If the correspondences look cursory, and if any perceived homages feel indelicate, that’s because they are. Taking Dave Thomas at his word, he and Rick Moranis faced a pair of problems in developing the McKenzies for the big screen, and Shakespeare solved both problems. First, their executive producer at SCTV had threatened to sue the pair for breach of contract if they wrote a movie using their “Great White North” characters, so they handed off the initial script-writing duties to Steve De Jarnatt. Second, Bob and Doug were products of improvisation; neither Moranis nor Thomas was fully prepared to develop a 90-minute script for two characters who spent their lives on a couch. Rather than leave De Jarnatt with nothing, though, they offered him Hamlet, saying “Why don’t you play with that structure. That’s at least a story that works.”
And that’s about as far as Shakespeare influenced Strange Brew (at least as far as I can tell).
With a script in hand, Moranis and Thomas had no trouble securing a distribution deal with MGM. At the same time, the two actually rewrote a good deal of the script, because they felt that their improvisational style hadn’t been adequately reproduced in the first draft. What could they add to Shakespeare? Basically anything that entertains despite (or because of) its cartoonish absurdity. Some portions of the script toward the end were re-worked (apparently, Hosehead couldn’t fly in the first go-around), but Dave Thomas points primarily to the first half of the film, when he said: "…the opening of the movie, if you look at it texturally, is quite different than the back half. The back half really locks into the story of the evil Brewmeister trying to take over the world, whereas [in] the beginning of the movie Bob and Doug present a little sci-fi with Rick as Charlton Heston at the end of the world…picking up a miniature Statue of Liberty and…then we’re in a movie theater watching our own movie and we release moths, cause a riot, and end up having to run out of our own movie premiere. The script was far more bizarre and conceptual in the beginning than it ended up being at the end. If we had been able to rewrite the whole thing, we would have made the whole thing like that probably, but we weren’t sure how far we could go with the studio."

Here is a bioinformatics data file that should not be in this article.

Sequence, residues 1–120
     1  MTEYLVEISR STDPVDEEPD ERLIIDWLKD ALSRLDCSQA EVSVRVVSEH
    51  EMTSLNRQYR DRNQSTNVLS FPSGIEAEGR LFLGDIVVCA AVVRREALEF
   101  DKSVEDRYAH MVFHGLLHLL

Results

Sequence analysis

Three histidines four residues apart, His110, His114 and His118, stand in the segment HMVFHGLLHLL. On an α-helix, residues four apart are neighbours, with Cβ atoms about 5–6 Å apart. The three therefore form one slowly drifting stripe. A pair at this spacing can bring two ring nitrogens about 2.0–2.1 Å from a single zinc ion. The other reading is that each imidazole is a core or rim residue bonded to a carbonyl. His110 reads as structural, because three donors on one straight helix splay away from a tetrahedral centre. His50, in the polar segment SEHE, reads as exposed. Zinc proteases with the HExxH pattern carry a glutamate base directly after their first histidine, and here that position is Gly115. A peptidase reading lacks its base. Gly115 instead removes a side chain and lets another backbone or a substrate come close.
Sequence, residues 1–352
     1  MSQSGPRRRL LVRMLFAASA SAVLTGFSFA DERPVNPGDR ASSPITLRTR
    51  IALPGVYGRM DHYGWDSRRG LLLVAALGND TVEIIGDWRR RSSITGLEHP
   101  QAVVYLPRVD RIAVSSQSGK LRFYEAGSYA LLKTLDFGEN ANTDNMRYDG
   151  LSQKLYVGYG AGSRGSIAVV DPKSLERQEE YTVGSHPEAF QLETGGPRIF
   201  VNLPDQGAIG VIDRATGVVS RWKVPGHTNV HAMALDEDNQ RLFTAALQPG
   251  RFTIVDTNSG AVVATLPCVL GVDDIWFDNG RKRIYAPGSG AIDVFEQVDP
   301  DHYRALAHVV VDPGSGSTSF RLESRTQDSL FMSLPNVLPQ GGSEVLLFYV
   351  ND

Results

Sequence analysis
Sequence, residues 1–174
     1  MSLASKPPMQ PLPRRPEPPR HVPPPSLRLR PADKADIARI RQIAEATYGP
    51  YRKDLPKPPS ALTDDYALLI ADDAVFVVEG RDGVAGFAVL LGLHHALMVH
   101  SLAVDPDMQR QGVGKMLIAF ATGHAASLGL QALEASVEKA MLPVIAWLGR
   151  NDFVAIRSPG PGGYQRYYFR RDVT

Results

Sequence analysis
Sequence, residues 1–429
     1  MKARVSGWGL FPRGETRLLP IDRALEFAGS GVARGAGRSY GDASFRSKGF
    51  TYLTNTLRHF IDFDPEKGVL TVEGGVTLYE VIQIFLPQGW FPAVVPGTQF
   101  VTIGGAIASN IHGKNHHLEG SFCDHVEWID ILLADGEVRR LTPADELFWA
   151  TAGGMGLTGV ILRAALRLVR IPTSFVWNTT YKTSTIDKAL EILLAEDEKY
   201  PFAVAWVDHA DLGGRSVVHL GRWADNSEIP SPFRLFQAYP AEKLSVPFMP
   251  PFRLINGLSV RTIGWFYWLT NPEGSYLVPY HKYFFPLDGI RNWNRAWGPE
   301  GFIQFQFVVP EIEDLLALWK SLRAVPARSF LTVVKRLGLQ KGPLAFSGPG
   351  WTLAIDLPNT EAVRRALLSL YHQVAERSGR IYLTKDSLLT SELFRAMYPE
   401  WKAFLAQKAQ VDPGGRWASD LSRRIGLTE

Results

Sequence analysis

When Strange Brew hit North American screens in late August 1983, Janet Maslin of the New York Times called it “a movie that’s barely there,” assuring her readers that the cost of admission “could buy enough beer for an experience at least as memorable as this one.” With all due respect to Maslin, she must not have been watching in the preferred 3-B. While allowing that the plot isn’t exactly air-tight (“Tunnel to the brewery? Take off! How convenient!”) and acknowledging that it lacks the emotional and psychological force of, say, The Merchant of Venice, viewers should also keep in mind that this isn’t Shakespeare. A better point of comparison, in fact, is offered right in the film: cartoons. In MGM’s Tom & Jerry shorts (to say nothing of the Merry Melodies and Looney Tunes libraries owned by Warner Bros.), basic rules of logic don’t apply. The same goes for the universe inhabited by Bob and Doug; critical comparisons to the real world (or to basic standards of dramatic narrative) just get in the way. It’s easier to suspend expectations and be perpetually surprised at the antics of these two lovable goofballs and at the inarguable novelty of their adventures.